Reaching over, he squeezed her hand briefly, knowing that she had to be feeling just as conflicted as he was. ‘One day, we will bring him down.’
‘One day,’ Padmé agreed, moving her hand back to continue rocking Luke’s capsule. ‘First, we have to work out where to drop Erisi off.’
The topic had been a source of strife for them over the last few hours. They were both in agreement that they couldn’t ask Erisi to continue on with them. She hadn’t known how dangerous the trip might be when she’d agreed to come with them, and they couldn’t ask her to go further without telling her the truth – yet the situation with Kalei had proven that they couldn’t afford to trust outsiders on this.
Yet they still needed access to a healer for both the twins and Padmé. They’d considered hiring a new healer who didn’t know where they’d started to help conceal their trail, but then it came back around to a question of trust. Besides, with Palpatine on the lookout, constantly stopping at different ports would just be courting unnecessary danger.
‘And what to do after that,’ Obi-Wan said. Their discussions had reached a standstill on that front.
Padmé sighed. ‘I’m just glad we only told Kalei what we absolutely had to. If I’d slipped up and mentioned where we’re going or that there are two of them… or even if I’d introduced you as anyone other than my partner…’
The weight of the disaster that could have befallen them was huge. It would have been easy for a casual gesture or comment to have betrayed them and undermined all of their protections. ‘But you didn’t. We told her nothing. All she knew was that there were two of us, and Palpatine already knew that.’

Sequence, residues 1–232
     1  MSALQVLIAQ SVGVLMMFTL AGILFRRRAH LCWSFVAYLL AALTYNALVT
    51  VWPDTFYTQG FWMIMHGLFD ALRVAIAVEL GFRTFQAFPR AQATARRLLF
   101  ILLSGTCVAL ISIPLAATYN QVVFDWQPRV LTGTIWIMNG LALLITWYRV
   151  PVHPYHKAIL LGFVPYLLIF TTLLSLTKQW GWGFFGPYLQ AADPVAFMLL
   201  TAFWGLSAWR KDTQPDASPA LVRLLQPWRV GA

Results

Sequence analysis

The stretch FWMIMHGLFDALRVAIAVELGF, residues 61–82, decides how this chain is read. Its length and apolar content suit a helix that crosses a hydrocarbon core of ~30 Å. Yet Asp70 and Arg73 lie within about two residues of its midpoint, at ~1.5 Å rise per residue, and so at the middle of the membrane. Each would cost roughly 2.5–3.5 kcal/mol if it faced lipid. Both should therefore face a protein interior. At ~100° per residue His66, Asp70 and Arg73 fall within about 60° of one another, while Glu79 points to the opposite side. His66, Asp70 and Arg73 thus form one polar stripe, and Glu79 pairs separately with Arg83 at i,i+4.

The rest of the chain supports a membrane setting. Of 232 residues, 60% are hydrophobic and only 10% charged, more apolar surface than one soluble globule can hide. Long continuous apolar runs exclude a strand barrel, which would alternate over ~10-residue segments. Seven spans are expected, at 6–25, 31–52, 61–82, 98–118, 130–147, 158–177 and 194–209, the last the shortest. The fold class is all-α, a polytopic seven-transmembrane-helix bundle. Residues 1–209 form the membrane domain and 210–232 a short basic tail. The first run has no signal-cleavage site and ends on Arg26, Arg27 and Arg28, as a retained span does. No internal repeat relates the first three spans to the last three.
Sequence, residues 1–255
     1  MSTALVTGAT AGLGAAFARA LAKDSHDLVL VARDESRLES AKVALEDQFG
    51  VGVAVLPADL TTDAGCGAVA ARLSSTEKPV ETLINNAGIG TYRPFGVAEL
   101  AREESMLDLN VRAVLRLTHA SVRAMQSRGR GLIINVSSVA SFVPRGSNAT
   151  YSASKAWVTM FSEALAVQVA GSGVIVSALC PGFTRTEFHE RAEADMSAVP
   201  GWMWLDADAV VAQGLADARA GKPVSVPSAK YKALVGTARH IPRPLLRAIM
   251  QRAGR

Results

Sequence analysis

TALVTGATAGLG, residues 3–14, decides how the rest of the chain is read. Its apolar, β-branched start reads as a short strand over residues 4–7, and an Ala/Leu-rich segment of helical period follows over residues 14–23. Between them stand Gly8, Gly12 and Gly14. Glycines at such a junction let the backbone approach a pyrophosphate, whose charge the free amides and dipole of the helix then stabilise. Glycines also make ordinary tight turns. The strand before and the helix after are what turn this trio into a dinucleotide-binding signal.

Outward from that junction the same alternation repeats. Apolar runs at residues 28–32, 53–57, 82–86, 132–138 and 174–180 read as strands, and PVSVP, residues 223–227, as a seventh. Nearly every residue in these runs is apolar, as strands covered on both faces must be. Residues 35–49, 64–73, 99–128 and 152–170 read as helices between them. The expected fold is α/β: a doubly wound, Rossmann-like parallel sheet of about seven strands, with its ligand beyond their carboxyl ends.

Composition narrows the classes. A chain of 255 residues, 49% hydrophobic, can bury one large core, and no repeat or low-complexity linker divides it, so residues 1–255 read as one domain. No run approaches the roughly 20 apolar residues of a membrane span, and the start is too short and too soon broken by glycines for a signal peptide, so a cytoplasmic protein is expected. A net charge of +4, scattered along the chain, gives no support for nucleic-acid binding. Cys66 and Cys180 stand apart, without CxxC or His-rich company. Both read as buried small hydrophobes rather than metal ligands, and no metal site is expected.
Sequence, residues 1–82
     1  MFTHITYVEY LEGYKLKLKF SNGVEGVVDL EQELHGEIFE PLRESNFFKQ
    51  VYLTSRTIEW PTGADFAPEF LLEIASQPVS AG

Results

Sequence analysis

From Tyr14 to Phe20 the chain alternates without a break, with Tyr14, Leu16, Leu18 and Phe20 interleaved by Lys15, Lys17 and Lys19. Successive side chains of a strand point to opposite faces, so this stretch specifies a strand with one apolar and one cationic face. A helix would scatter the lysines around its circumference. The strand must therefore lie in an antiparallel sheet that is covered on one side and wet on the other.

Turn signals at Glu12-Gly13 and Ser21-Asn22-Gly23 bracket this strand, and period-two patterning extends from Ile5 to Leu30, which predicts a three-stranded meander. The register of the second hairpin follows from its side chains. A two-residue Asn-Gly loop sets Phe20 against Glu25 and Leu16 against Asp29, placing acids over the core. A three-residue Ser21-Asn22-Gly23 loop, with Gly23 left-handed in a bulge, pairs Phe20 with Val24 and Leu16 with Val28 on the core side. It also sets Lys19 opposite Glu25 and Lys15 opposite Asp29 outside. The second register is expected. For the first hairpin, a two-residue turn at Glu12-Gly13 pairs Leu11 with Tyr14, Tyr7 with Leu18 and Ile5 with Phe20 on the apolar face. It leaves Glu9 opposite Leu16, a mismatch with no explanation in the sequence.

It felt like he’d been doused with cold water. The back of his neck prickling, Obi-Wan turned, and his fears were confirmed.
Erisi stood in the doorway, her hair mussed and her eyes dazed as if she’d only recently woke up. Guilt was written across her face. ‘I came in to see if you needed anything,’ she said. ‘I didn’t hear much, just…’
‘Just enough.’ Obi-Wan was torn. This would complicate things. He could make her forget what she’d heard, but it felt like it would be a betrayal of what the three of them had gone through together.
If he didn’t, then when they let her off the ship, they would have to rush out of that system and hope she hadn’t arrived early enough to realise Obi-Wan wasn’t the children’s father. But how could she not have? And if she were able to put the pieces together, would they lose her loyalty? Could they even trust her around the twins anymore?
‘Yes, not that it was surprising.’
Obi-Wan’s eyebrows raised in shock. ‘What do you mean?’
‘It all makes sense now. I knew you were on the run from someone. And you’re a Jedi, aren’t you?’ she asked, looking at him. ‘I saw your weapon on Eriadu. I’ve never seen a lightsaber before, but it couldn’t be anything else. If a Jedi is running, the person who’s chasing them has to be powerful. It makes sense for it to be the Supreme Chancellor. You’re the one he put out the alert for, aren’t you? Padmé Amidala.’
‘You understand now why we’re concerned about secrecy,’ Padmé said, not answering directly.
Obi-Wan let the ship idle so he could concentrate. ‘Where do we stand now?’
‘Why is he chasing you? Did you commit a crime?’
‘No, we didn’t. He wants to take Luke and Leia because, as the children of a Jedi, they are going to be powerful.’
Erisi nodded slowly. ‘Then we’re in the same place we were before. As far as I’m concerned, if you don’t want him to find you, I don’t want him to, either.’
‘How long until the children and I will be safe to travel without medical aid?’
‘You could do it now, but I would prefer to continue the treatment longer so your grounding is more solid first.’
‘You want to stay?’ Padmé asked, surprised. ‘Even though we’ve lied to you?’
‘You’re my patient, and I care about your progress. If I leave now, you won’t get another healer, will you?’
‘Probably not,’ Obi-Wan admitted.
‘Then how can I leave?’